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Measurement of Longshore Sediment Transport Rates in the Surf Zone on Galveston Island, Texas
Alison L. Rogers and Thomas M. Ravens
Journal of Coastal Research
Vol. 24, No. 2B, Supplement (Mar., 2008), pp. 62-73
Published by: Coastal Education & Research Foundation, Inc.
Stable URL: http://www.jstor.org/stable/30138744
Page Count: 12
You can always find the topics here!Topics: Sediments, Sediment transport, Chemical suspensions, Velocity, Coastal engineering, Sand, Sleds, Sensors, Waves, Beaches
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Longshore sediment transport in the surf zone on Galveston Island, Texas, was studied to develop a new technique involving optical instruments rapidly calibrated in situ and to compare measured transport rates with those predicted by the well-known Coastal Engineering Research Center (CERC) formula. This method used an instrumented sled equipped with a LISST-100 for particle size distribution determination, four optical backscatter sensors (OBSs) for turbidity measurements, and two velocity sensors for longshore current measurements. The sled was pulled across the surf zone, occupying 10 to 15 stations spaced about 10 m apart, for approximately 3 minutes each. The OBS data were calibrated with the LISST-100 particle size distribution data, thereby overcoming the difficulties associated with the use of these sensors in the presence of a mix of sand and fine particles. Subsequently, these data were fit to a logarithmic profile to determine the average vertical distribution of suspended sand concentration, assuming that the fine particles were vertically well mixed at each station. A logarithmic profile of average longshore current was also computed based on the measured velocity data. The longshore sediment transport rate was calculated as the spatial integral of the product of suspended sand concentration and velocity and related to the wave conditions at the point of breaking. Measured rates ranged from 86,000 to 231,000 m³/y, and transport was found to be greatest in the vicinity of the sand bars. The popular CERC formula gave sediment transport rates significantly greater than the observed values, with the difference between the two on the order of 100%. The average CERC transport coefficient, K₁, computed from our measurements was determined to be 0.19 ± 0.12.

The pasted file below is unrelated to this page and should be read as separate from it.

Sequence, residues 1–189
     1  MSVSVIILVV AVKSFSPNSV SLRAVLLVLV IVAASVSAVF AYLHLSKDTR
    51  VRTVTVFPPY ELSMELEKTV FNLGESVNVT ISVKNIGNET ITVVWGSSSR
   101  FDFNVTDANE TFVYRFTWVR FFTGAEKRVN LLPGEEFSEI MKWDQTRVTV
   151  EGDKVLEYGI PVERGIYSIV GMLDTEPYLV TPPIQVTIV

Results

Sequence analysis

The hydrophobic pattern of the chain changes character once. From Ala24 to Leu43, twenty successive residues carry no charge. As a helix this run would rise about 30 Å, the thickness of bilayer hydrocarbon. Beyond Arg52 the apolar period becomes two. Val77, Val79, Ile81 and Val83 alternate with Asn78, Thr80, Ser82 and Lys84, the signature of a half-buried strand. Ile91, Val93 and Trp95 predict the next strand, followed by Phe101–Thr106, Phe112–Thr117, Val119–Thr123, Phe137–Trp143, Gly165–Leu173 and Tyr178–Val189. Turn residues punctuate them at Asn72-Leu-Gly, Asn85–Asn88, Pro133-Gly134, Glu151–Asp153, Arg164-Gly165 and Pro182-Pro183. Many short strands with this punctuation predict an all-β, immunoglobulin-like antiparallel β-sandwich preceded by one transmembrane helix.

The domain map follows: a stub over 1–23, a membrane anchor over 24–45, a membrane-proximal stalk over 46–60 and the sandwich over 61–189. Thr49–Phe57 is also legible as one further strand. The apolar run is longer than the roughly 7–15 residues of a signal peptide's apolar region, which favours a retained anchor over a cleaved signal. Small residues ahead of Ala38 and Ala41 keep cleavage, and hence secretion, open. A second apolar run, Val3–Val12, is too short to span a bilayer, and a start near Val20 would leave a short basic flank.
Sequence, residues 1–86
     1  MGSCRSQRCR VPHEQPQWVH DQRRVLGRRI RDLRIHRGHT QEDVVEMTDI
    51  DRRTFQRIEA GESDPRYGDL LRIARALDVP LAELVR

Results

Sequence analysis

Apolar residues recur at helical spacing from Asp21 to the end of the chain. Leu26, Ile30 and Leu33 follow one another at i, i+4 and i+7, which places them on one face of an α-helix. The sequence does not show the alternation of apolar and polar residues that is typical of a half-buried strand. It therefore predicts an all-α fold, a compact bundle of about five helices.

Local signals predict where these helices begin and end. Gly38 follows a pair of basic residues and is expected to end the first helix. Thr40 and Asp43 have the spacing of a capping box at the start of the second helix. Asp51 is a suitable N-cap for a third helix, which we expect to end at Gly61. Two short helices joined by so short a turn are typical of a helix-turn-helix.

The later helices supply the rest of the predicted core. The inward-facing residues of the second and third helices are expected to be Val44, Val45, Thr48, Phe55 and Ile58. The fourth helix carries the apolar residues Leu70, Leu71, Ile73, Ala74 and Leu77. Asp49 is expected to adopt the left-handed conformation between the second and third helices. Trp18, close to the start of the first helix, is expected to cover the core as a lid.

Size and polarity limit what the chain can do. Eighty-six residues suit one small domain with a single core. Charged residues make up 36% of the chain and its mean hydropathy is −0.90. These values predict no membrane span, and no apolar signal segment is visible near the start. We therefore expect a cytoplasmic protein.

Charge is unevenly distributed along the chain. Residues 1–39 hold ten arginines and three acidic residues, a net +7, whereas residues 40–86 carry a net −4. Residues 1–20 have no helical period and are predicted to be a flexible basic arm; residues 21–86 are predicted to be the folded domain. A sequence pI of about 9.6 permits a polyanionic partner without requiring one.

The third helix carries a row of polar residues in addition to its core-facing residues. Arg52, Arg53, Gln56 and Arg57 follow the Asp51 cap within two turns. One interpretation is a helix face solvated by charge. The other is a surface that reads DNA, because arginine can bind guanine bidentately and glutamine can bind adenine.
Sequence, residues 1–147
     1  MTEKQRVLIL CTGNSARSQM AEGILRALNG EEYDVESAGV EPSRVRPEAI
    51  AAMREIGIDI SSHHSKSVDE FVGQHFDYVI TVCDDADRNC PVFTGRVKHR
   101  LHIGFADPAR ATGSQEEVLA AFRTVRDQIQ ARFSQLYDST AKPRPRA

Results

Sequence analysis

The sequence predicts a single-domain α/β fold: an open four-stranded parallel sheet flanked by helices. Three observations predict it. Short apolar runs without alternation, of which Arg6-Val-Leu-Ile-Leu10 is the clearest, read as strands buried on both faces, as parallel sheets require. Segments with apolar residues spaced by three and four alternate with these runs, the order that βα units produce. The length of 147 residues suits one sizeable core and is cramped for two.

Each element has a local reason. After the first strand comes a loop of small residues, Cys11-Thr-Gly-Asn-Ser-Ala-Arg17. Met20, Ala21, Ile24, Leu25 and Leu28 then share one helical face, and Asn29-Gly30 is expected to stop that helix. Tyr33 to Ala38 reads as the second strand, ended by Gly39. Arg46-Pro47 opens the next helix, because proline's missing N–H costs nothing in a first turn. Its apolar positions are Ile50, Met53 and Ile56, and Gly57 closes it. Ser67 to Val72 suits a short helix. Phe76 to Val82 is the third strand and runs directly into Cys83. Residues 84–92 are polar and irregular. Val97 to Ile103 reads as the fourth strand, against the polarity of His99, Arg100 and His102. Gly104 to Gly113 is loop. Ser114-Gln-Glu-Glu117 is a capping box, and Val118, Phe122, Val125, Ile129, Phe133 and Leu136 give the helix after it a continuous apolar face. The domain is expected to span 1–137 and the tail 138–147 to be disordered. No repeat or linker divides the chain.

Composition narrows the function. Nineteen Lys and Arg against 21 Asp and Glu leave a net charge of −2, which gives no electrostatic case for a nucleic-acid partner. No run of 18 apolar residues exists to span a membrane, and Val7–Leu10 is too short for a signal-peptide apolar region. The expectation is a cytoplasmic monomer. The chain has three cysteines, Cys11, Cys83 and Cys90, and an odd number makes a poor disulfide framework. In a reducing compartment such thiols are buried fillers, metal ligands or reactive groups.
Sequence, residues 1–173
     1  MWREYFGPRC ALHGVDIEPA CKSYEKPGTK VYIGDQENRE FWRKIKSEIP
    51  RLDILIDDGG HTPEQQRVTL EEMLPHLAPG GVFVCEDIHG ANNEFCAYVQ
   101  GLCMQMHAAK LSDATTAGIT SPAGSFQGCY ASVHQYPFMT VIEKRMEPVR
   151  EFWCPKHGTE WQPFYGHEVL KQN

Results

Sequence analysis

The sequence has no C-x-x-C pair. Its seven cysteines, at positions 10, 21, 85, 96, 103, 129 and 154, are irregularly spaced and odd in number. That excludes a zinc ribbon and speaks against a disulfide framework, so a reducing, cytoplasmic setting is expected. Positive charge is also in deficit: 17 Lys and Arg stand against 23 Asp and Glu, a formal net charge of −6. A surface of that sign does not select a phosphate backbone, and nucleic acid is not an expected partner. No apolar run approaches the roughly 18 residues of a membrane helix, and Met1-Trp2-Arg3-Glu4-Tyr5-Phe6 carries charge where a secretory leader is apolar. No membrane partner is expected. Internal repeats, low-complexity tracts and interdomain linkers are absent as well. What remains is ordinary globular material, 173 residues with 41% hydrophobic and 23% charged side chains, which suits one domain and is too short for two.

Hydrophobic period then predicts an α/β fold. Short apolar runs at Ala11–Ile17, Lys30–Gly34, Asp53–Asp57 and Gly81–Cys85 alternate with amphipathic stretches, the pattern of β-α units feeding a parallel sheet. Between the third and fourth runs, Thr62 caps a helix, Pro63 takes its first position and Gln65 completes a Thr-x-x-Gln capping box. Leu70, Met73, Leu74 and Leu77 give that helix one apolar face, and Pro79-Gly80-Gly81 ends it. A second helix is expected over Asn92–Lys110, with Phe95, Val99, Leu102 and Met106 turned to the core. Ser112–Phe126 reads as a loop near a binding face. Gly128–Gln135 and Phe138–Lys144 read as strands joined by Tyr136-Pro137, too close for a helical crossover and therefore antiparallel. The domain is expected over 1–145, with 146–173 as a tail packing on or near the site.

Journal of Coastal Research © 2008 Coastal Education & Research Foundation, Inc.